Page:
One of the most important tools for a composer to develop is an intuition about material, about its possibilities for manipulation and development. But now that I’ve had enough practice turning off that intuition, I can see and hear how it’s not necessarily the material, or even the choice of material, that makes or breaks a piece of music.
There’s a certain phase in the career of a composer when a commission or a request for a piece of music reverses time and causality: what seems like a hire actually ends up feeling more like a job interview. I think almost all composers have been faced with writing a piece in which there was also the pressure to prove oneself, to work in a complete survey of the composer’s skill set.
The HONK! Festival identifies itself as a festival of “activist street bands,” and while some participants still fit squarely in that category—preaching revolution, buoying the oppressed, putting the call-and-response of political protest to a drumline beat—others seemed fired up less by demonstration than by musical immoderation: the sheer multiple-forte thrill of brass and percussion with the leash off, or the welcome-all-comers triumph of volume over precision.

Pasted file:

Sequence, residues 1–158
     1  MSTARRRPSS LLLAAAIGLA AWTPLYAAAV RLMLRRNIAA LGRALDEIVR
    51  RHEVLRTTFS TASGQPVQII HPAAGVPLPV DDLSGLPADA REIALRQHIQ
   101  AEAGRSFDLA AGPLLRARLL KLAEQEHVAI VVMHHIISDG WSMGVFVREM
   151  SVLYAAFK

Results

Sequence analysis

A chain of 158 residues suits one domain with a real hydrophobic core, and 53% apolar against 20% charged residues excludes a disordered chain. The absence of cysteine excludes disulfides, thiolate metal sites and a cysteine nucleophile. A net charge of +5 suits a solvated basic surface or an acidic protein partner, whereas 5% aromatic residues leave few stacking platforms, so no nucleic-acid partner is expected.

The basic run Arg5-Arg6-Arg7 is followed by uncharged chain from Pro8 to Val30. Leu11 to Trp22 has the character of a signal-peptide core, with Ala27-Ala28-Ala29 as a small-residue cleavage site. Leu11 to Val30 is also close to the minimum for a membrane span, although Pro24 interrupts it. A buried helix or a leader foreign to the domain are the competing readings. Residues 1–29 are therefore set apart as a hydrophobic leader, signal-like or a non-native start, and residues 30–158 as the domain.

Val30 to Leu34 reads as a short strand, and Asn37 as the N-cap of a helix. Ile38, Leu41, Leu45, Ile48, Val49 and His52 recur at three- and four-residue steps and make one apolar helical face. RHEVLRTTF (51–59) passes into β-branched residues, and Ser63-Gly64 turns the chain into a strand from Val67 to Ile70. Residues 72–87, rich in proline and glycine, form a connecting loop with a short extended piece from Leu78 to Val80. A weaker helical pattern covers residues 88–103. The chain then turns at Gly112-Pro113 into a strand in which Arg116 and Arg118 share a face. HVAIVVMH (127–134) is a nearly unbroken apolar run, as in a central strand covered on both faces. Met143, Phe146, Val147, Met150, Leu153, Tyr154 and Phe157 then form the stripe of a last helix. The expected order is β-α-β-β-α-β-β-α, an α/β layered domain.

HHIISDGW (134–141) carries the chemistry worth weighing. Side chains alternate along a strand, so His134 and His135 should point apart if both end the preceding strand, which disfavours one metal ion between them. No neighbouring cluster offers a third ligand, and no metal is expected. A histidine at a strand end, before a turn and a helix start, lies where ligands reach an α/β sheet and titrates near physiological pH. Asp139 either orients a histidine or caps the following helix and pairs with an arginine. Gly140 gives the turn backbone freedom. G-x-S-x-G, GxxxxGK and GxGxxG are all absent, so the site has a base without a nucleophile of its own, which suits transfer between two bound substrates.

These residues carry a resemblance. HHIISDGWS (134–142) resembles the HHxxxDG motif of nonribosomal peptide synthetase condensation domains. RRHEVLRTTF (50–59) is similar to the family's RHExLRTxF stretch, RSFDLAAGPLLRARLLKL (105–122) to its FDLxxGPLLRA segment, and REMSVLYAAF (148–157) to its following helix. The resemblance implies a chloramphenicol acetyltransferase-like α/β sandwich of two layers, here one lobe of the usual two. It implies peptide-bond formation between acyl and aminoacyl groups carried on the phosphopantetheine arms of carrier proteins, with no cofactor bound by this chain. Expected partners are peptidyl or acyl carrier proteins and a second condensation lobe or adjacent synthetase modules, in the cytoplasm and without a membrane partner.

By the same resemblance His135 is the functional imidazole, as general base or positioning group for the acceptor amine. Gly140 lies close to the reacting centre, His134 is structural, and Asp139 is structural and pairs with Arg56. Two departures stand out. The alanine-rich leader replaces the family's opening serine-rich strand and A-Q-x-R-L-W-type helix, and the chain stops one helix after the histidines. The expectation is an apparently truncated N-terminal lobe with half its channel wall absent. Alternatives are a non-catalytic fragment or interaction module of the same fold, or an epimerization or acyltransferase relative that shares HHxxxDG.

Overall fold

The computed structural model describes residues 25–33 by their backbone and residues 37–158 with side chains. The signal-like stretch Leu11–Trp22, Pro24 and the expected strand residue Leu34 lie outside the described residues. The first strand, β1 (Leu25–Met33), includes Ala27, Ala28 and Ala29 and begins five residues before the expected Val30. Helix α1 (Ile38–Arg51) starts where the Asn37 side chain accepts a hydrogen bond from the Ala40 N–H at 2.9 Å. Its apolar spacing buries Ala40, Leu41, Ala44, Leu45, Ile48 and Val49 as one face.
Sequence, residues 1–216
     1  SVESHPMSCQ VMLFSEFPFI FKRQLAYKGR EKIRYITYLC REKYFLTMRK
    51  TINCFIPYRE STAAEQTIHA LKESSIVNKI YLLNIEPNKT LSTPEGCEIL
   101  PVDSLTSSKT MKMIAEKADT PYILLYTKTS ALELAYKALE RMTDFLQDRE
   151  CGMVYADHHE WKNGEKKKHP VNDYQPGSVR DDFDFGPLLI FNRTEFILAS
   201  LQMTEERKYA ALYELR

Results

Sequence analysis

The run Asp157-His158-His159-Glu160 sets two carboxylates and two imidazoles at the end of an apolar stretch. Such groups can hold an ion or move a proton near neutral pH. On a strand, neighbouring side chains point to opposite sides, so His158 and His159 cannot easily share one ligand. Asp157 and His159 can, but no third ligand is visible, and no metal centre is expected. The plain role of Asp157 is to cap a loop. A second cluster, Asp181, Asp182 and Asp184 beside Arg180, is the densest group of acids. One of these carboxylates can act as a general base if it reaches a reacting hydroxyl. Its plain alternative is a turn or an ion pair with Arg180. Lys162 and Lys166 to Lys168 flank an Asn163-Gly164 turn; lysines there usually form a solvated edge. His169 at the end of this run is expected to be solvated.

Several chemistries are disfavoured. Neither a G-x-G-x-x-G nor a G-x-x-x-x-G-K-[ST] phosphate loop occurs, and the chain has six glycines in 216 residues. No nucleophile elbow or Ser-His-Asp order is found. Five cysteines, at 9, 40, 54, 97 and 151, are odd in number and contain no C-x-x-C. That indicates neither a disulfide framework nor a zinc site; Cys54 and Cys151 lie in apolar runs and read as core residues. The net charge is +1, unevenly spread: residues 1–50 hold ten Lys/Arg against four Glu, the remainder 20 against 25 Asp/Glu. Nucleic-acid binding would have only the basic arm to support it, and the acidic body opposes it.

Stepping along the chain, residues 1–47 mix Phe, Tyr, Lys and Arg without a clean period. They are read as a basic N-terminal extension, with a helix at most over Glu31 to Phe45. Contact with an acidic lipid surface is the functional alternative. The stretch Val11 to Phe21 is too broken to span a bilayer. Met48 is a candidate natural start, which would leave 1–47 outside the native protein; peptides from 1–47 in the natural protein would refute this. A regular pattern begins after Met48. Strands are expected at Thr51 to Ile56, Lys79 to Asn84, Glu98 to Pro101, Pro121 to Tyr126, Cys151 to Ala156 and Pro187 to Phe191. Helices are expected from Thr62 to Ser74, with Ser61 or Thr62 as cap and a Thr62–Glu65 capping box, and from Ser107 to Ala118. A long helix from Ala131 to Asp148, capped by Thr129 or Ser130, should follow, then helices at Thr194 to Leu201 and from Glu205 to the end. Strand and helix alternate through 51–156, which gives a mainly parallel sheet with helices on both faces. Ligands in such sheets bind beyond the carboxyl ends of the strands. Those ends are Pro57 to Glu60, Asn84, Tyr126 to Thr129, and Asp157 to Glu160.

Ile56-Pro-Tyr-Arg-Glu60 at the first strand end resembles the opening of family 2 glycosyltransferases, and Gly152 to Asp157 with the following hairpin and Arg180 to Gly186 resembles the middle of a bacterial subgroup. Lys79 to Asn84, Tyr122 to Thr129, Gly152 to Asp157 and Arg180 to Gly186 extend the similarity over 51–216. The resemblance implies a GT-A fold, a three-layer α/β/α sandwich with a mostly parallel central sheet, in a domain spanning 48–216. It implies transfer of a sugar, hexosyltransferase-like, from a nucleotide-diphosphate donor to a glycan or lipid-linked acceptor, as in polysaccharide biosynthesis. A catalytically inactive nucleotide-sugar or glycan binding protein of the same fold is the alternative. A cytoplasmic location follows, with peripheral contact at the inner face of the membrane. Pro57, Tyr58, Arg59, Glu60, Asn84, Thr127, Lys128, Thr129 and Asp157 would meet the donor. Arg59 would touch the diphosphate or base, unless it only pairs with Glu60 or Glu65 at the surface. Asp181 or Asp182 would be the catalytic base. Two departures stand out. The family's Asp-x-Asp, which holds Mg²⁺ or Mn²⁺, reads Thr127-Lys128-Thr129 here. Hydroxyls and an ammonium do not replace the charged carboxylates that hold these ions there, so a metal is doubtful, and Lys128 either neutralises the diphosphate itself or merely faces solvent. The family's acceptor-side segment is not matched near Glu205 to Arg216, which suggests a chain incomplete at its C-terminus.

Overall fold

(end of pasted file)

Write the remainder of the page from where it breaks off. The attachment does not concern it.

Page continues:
Carter and Dargel make a virtue of musical disruption, showing that the most interesting narratives don’t necessarily project well onto music of smoothness and ease. The characters might vary—Carter’s voluble and acerbic, Dargel’s defiantly damaged—but both dramas spring from the same conviction: that the get-together only starts to be really interesting once things get broken.
Martin Pearlman’s Finnegans Wake: An Operoar did right by James Joyce’s garrulous tumble of language. What success the work produced could be traced to two fundamental decisions: not cutting the text (the piece sets the novel’s first seven pages in whole), and opting for a reciting actor (Adam Harvey) rather than singers.